Starling's Caywood says: “We have a strong belief the customer owns their data and should be able to use that data when they choose to do so.”

What Starling and Fidor have in common is both offer their marketplaces free to access for their customers. As the banks are not offering the products themselves, they cannot charge their customers a fee. Instead, they need to look to the TPPs for their income. 

For Starling, Caywood explains: “The bank charges a referral fee to the companies that the customer has chosen to partner with, but none of these costs are passed on to the customers themselves.

“We do not charge for access to the marketplace – for the customers it is a completely free add-on service. It is the benefit of having the open API – it gives them control of their data. But the decision on the products chosen always comes down to the customers.”

Nancy-Kalogeropoulou-160x186
Nancy Kalogeropoulou,
Fidor Bank

Fidor's Kalogeropoulou adds: “This fintech marketplace helps partners promote their products to our customers and in return increase Fidor Bank’s revenues by adopting a commission-based model. It has always been a key focus to ensure we continue to innovate and develop services to our customers’ expectations.” 

It has been the meeting of the new banks and the regulation that has enabled the marketplaces to be developed.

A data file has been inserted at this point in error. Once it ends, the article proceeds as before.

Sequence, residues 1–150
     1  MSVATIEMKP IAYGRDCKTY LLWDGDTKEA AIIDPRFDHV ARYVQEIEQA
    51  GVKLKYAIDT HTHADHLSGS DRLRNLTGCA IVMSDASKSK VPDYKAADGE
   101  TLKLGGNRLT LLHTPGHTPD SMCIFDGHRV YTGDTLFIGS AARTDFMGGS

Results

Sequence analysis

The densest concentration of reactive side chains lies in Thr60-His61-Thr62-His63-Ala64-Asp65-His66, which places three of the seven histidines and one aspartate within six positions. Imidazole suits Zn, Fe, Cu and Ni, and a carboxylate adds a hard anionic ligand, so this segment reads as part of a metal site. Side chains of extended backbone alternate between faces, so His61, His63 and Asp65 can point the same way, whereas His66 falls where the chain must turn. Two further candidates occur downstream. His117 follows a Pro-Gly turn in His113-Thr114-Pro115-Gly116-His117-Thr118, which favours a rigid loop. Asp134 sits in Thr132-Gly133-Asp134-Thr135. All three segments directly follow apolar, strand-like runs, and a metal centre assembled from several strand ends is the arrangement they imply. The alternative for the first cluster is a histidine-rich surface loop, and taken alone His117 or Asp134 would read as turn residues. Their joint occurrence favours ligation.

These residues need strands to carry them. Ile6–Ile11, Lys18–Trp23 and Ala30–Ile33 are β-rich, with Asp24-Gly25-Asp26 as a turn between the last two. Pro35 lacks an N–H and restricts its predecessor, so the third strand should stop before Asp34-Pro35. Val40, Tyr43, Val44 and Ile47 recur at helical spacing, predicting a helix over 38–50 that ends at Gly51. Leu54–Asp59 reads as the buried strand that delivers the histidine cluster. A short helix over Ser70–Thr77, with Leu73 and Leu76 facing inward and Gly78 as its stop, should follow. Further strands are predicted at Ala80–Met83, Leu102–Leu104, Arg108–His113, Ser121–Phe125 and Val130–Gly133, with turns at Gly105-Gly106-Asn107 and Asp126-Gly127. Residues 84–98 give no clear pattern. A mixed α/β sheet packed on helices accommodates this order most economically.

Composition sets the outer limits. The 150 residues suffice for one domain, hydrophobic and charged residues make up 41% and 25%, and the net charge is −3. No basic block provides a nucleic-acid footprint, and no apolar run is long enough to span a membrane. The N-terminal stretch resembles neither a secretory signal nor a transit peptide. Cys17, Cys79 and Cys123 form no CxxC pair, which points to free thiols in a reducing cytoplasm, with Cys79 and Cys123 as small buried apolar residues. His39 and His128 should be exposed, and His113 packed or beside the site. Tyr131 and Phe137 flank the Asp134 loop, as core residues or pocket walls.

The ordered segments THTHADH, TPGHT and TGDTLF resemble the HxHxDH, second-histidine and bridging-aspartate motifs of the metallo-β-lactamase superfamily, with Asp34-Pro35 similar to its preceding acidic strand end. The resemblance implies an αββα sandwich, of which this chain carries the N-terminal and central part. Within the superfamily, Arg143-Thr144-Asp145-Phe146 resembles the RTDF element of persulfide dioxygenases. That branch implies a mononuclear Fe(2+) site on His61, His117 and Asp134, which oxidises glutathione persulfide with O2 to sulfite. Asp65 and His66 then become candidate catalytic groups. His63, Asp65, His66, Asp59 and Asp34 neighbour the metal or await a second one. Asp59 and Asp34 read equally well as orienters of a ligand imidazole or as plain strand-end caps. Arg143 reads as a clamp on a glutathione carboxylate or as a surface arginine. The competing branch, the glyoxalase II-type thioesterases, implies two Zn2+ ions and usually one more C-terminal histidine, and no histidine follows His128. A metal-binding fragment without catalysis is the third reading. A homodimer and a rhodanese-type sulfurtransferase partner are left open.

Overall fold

Caywood says: “To understand the utility as a marketplace it is important to know how the market has evolved. In recent years there has been an influx of capital into London fintechs. This has seen a lot of services being built, and these services have started to do one thing very well. The aim is to integrate these pieces of functionality, and to them collaborate with others.”

Due to the breadth of TPP platforms available, and the relative ease with which they can link to the marketplaces, Caywood says it is unlikely they bank’s model will change.

“At some point we might look to develop products, but now we are more or less choosing to outsource," she says. "There is a huge number of options available now in fintech that can change the user experience.”

Getting these TPPs on board removes them from the market as potential competition. 

Caywood says: “Banks can’t be the best at everything, and need to recognize that these companies are working to do their own specialties really well. They can also compete for business, can access data securely, and give customers choice and clarity around what their options are.”

Rather than creating an international one-size-fits-all marketplace, it is looking to personalize the selection available in response to the individual countries. 

Says Kalogeropoulou: “Fidor assesses which products and services are appealing to bring to each market, and which partner can deliver on quality and on customer’s expectations and demands.

“We treat our customers as co-managers of the process. We frequently gather all product suggestions from our community members and evaluate which ones can be developed or the ones that can be provided through new partnerships. That’s how the idea of the fintech partner integration started.”